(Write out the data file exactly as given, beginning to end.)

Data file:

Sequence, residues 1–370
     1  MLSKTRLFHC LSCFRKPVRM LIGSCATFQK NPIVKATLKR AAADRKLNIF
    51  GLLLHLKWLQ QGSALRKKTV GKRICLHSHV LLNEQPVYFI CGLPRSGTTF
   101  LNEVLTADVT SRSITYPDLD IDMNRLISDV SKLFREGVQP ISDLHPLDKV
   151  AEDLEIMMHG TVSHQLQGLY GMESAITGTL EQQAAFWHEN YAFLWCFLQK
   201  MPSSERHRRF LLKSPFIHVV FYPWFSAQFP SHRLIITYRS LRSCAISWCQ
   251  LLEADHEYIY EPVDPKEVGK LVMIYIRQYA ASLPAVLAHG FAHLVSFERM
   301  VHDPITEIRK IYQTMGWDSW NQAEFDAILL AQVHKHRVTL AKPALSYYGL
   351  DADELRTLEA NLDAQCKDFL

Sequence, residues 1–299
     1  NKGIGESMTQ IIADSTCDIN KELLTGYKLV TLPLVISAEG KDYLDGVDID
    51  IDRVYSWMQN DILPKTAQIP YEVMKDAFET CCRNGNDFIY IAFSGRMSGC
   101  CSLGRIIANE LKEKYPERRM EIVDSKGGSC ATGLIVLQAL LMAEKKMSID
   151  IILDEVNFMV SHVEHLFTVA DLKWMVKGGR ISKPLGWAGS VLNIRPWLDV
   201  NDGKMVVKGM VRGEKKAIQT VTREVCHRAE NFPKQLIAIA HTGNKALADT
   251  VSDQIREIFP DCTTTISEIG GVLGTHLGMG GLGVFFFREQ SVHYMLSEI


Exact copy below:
Sequence, residues 1–370
     1  MLSKTRLFHC LSCFRKPVRM LIGSCATFQK NPIVKATLKR AAADRKLNIF
    51  GLLLHLKWLQ QGSALRKKTV GKRICLHSHV LLNEQPVYFI CGLPRSGTTF
   101  LNEVLTADVT SRSITYPDLD IDMNRLISDV SKLFREGVQP ISDLHPLDKV
   151  AEDLEIMMHG TVSHQLQGLY GMESAITGTL EQQAAFWHEN YAFLWCFLQK
   201  MPSSERHRRF LLKSPFIHVV FYPWFSAQFP SHRLIITYRS LRSCAISWCQ
   251  LLEADHEYIY EPVDPKEVGK LVMIYIRQYA ASLPAVLAHG FAHLVSFERM
   301  VHDPITEIRK IYQTMGWDSW NQAEFDAILL AQVHKHRVTL AKPALSYYGL
   351  DADELRTLEA NLDAQCKDFL

Sequence, residues 1–299
     1  NKGIGESMTQ IIADSTCDIN KELLTGYKLV TLPLVISAEG KDYLDGVDID
    51  IDRVYSWMQN DILPKTAQIP YEVMKDAFET CCRNGNDFIY IAFSGRMSGC
   101  CSLGRIIANE LKEKYPERRM EIVDSKGGSC ATGLIVLQAL LMAEKKMSID
   151  IILDEVNFMV SHVEHLFTVA DLKWMVKGGR ISKPLGWAGS VLNIRPWLDV
   201  NDGKMVVKGM VRGEKKAIQT VTREVCHRAE NFPKQLIAIA HTGNKALADT
   251  VSDQIREIFP DCTTTISEIG GVLGTHLGMG GLGVFFFREQ SVHYMLSEI